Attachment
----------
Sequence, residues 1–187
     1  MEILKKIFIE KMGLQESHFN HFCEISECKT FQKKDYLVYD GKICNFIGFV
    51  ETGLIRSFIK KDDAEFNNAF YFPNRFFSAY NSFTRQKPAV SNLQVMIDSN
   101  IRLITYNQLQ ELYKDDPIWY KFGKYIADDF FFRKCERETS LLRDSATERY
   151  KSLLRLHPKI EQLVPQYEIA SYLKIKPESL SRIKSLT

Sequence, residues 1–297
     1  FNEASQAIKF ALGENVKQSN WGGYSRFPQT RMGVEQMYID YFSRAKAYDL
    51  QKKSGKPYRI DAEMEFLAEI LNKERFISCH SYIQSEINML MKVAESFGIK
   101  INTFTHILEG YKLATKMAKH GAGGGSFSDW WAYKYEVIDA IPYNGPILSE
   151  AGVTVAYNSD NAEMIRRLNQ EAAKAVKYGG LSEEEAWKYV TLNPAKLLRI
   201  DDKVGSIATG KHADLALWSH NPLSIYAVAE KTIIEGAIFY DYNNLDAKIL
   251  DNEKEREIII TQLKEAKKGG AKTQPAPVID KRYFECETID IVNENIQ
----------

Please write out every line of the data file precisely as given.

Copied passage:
Sequence, residues 1–187
     1  MEILKKIFIE KMGLQESHFN HFCEISECKT FQKKDYLVYD GKICNFIGFV
    51  ETGLIRSFIK KDDAEFNNAF YFPNRFFSAY NSFTRQKPAV SNLQVMIDSN
   101  IRLITYNQLQ ELYKDDPIWY KFGKYIADDF FFRKCERETS LLRDSATERY
   151  KSLLRLHPKI EQLVPQYEIA SYLKIKPESL SRIKSLT

Sequence, residues 1–297
     1  FNEASQAIKF ALGENVKQSN WGGYSRFPQT RMGVEQMYID YFSRAKAYDL
    51  QKKSGKPYRI DAEMEFLAEI LNKERFISCH SYIQSEINML MKVAESFGIK
   101  INTFTHILEG YKLATKMAKH GAGGGSFSDW WAYKYEVIDA IPYNGPILSE
   151  AGVTVAYNSD NAEMIRRLNQ EAAKAVKYGG LSEEEAWKYV TLNPAKLLRI
   201  DDKVGSIATG KHADLALWSH NPLSIYAVAE KTIIEGAIFY DYNNLDAKIL
   251  DNEKEREIII TQLKEAKKGG AKTQPAPVID KRYFECETID IVNENIQ